Cravings can feel like they take over your whole world, but you can choose to put them in perspective. They’re just feelings and you don’t have to do anything you don’t want to.
- Self-care is the key to relaxing, celebrating, and living without food based rewards.
- Support makes everything so much easier.
If someone you trust is there to cheer you on, and you’re there for them too, you’ll be much less likely to quit. You can’t let your buddy down.
- But doing it with friends also makes it scarier
– what if your support person gives up?
- Facing life without all your ‘happy foods’ is incredibly confronting.
When you realize just how much of your daily pleasure was coming from food and not from anything actually nourishing or fulfilling, it’s a shock.
- The bleaker life seems without sugar, the more you need to take a break from it.
Sugar that is, not life.
- I am so much more than my cravings – and my life has deeper joys than food.
- Sugar is in nearly every darn thing.
No wonder it’s so hard to get off it.
- Hard food ‘rules’ definitely don’t work for everyone
– and should only be used for specific issues (such as food addiction), but a short-term set of rules that work towards a purpose (eg: identifying food sensitivities, developing better coping skills, toning down your sugar intake) can be very helpful and motivating. Not to mention, rules take any negotiation or guesswork off the table.
- Cooking can be therapeutic.
- A lot of snacking and cravings are habitual.
You’re not actually hungry and you don’t need ‘6 small meals a day’. Once you’ve broken the habit, things get easier.
- Some foods you think you love are actually gross when you reintroduce them.
And it’s kind of sad.
- You get better at everything with practice
– ignoring cravings, self-care, meal planning… everything.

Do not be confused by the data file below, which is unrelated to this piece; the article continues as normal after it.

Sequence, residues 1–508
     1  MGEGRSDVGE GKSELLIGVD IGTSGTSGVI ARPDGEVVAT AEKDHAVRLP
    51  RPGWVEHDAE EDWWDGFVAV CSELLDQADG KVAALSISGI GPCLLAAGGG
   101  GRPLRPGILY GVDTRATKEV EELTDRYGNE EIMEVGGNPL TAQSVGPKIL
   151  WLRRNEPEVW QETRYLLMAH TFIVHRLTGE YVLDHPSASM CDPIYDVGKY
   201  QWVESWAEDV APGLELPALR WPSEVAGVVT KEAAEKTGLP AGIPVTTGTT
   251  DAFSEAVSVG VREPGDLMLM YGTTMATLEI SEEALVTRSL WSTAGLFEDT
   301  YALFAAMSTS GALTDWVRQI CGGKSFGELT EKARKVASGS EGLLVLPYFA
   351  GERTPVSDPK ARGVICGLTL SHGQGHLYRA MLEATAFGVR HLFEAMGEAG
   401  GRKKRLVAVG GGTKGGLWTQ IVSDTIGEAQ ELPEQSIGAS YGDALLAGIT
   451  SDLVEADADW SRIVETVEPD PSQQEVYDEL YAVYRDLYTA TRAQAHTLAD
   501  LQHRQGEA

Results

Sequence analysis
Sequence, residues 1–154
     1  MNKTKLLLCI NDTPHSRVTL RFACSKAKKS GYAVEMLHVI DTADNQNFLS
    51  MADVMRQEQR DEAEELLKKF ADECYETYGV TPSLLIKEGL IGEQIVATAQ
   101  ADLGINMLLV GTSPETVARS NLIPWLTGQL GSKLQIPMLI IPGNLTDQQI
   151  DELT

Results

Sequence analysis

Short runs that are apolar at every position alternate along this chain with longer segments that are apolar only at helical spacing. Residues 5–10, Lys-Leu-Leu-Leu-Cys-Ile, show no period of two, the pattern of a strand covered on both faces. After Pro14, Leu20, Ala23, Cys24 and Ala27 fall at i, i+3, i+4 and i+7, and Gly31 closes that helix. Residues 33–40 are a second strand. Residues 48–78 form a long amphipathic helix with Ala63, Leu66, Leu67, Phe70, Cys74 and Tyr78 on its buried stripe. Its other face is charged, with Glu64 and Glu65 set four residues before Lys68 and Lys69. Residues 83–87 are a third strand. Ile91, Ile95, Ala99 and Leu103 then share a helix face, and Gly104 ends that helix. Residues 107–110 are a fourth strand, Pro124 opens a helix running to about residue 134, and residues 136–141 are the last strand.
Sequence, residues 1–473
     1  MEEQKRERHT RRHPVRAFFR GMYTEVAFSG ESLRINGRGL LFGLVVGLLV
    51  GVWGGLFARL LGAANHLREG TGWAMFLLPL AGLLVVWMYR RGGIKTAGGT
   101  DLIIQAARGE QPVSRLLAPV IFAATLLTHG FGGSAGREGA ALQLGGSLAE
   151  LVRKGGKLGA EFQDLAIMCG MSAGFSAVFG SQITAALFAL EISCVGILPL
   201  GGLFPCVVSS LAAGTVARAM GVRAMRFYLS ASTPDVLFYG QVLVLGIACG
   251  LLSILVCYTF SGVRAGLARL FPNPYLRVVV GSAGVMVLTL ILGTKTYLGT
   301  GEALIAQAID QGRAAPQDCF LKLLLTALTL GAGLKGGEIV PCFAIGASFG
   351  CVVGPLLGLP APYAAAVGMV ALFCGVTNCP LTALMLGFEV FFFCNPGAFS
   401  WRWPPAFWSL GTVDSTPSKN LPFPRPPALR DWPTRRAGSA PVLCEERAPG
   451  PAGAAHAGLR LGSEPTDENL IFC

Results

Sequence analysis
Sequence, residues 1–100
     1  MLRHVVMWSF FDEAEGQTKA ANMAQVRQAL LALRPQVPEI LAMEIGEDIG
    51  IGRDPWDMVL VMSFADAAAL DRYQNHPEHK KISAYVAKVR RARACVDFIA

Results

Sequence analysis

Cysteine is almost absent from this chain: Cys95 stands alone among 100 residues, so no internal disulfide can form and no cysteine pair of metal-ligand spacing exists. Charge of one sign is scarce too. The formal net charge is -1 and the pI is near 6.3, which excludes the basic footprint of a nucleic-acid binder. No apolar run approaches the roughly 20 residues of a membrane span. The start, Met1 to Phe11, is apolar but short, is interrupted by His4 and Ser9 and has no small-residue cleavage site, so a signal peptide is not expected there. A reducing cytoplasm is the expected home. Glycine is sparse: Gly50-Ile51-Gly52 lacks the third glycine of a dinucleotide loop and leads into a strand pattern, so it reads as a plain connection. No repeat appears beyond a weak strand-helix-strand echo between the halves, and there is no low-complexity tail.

- Having a bloat-free tummy feels ah-may-zing, and is hugely motivating.
- Eating a full-sized breakfast sets me up for more balanced moods later in the day.
- Balanced, happy eating is not about deprivation or calorie counting.
- Eating well when you get sick is hard – but not impossible.
- You probably won’t go back to your old way of eating.
Or at least not entirely. The things you learn and the energy you’ve gained will keep you eating more whole-foods than ever before.
- You’ll finish your Whole 30 with a much clearer idea of what you want your perfect relationship with food to look like.
- You’ll be forced to find non-food ways to deal with stress.
Like meditation, walking, or breathing exercises.
- How to say ‘no’ – especially when it comes to off-plan foods.
This is an essential skill for recovering from emotional eating.
- How empowering it is to take charge and do something big and meaningful for yourself.
Something that comes from a place of self-love.
- After 30 days of nothing but whole food, you’ll have confronted so many of your food-fears.
- You’ll have learned a bunch of ways to have fun and enjoy life without eating.
- And maybe, just maybe, you’ll have fallen in love with healthy eating.
A handy summary of what I learned about emotional eating during my whole 30
Here’s an image to pin or save: